Janet and Ed Brodie live in Ontario and visited downtown Dade City in early February. Like many visitors to this community, they raved about how Dade City has managed to preserve its small-town feel while still offering a variety of interesting shops and restaurants. The best public relations professional could not have said it better: Everyone they met was pleasant, the salespeople were helpful, the food delicious. The Brodies say they can't wait to return and plan to tell friends about their newfound winter retreat.
Anyone who has lived here for a while probably has heard similar sentiments. We are fortunate to call this place home, and most locals will fight hard to protect it. County and City commission meetings in the past few months have provided ample evidence of that. The recent decision by Dade City leaders to begin making Seventh Street a city street is another example of the city's determination to preserve its appeal.
Though some merchants are understandably concerned about the possible loss of traffic, downtown Dade City is already the kind of daytime destination visitors will continue to seek and find. The creation of attractive gateways into town, a goal of city officials and downtown leaders, will further ensure that travelers don't miss the muffins at Lunch on Limoges or Cuban coffee at Tropical Breeze. Rerouting the state highway around downtown will allow the city to slow traffic on Seventh Street, giving drivers more time to see something that might make them stop.
The timing of the transfer, coinciding as it does with the state's plans to resurface Seventh Street, is an opportunity for the city to reap the benefits of state assistance without the pitfalls of state control. The Department of Transportation's proposed design for Seventh Street would have eliminated as many as 111 parking spots downtown. The $1-million road project, including new sidewalks and drainage improvements, still will be done, but the transfer allows the city to protect its already limited parking. As Mayor Hutch Brock noted at a recent commission meeting, the addition of thousands of new homes within the city limits means more parking will be needed, not less.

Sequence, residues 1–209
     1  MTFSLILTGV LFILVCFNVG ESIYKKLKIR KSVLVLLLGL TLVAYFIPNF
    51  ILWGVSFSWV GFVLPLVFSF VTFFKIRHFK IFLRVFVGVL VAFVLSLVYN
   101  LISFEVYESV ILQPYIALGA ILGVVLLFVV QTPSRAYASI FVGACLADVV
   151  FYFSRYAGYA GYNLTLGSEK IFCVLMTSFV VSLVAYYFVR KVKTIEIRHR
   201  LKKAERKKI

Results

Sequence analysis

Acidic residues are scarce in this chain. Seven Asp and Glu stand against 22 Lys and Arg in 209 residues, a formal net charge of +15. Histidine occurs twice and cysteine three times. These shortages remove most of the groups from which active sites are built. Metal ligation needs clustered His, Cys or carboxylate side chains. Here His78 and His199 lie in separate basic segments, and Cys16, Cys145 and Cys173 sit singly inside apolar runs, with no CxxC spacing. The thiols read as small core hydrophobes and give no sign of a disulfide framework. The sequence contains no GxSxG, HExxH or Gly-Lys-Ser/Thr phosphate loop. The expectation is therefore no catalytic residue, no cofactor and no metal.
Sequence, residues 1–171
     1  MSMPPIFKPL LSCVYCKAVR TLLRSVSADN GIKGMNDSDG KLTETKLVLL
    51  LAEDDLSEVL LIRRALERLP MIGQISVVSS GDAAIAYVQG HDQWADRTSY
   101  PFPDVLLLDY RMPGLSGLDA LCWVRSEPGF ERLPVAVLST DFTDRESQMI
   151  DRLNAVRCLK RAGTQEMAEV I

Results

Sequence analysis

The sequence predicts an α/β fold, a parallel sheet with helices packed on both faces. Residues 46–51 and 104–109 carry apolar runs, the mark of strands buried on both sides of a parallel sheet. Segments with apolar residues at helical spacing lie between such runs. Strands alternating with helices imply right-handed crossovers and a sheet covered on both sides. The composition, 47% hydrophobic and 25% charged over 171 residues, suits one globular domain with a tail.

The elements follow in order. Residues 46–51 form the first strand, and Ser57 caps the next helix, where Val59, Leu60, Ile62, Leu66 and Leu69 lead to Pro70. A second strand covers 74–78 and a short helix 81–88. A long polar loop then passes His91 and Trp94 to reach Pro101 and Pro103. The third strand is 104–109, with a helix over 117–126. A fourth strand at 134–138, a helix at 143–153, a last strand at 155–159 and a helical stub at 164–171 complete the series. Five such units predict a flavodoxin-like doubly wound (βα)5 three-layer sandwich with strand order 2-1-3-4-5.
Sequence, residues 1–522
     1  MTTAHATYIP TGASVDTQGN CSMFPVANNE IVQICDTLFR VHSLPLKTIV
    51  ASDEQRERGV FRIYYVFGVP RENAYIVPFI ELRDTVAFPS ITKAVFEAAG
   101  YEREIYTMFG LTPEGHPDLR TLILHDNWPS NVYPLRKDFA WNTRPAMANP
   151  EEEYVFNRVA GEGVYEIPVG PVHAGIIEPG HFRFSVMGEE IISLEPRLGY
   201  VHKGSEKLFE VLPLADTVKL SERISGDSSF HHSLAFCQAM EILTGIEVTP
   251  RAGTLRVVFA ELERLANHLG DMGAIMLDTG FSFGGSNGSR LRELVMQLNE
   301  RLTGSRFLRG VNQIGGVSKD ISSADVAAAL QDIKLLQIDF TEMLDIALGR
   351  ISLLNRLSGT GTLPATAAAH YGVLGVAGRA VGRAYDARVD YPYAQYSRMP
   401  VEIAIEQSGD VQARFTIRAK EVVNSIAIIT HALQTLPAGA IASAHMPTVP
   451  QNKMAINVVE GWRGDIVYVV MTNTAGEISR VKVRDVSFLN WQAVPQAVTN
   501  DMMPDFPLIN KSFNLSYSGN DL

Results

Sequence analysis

Although parking was the impetus for the road transfer, the benefits go beyond asphalt. Local control of Seventh Street will give the city the ability to make the downtown even more attractive and pedestrian-friendly. Decorative street lights, wider sidewalks, and more options for landscaping, beautification and signs are all possibilities.
Of course, the desired improvements to downtown will not come cheaply. Transferring the road will increase the city's annual maintenance costs by $40,000 to $50,000, but tax-increment financing available through the creation of a Community Redevelopment Agency in 2001 can be used to offset these costs. The CRA was created specifically to pay for physical and economic improvements to downtown. As property values in the CRA district rise, the increase in property tax revenue is earmarked for improvements in the district. So far, Dade City has not spent much of the roughly $140,000 generated through the CRA each year. This is the perfect time to make good use of those dollars. Over the next few months, Downtown Dade City Main Street will be working with the city to identify cost-effective improvements that can be made with CRA funds, as well as possible new sources of revenue.
Downtown Dade City already is a good example of a thriving and successful small town center. The Florida Main Street program, a division of the Bureau of Historic Preservation, refers to downtown Dade City as one of the crown jewels of the statewide Main Street effort. With a commitment to preserving and enhancing the beauty and charm here, Dade City will continue to live up to that endorsement.
Amy Ellis, a former St. Petersburg Times staff writer, is the executive director of Downtown Dade City Main Street.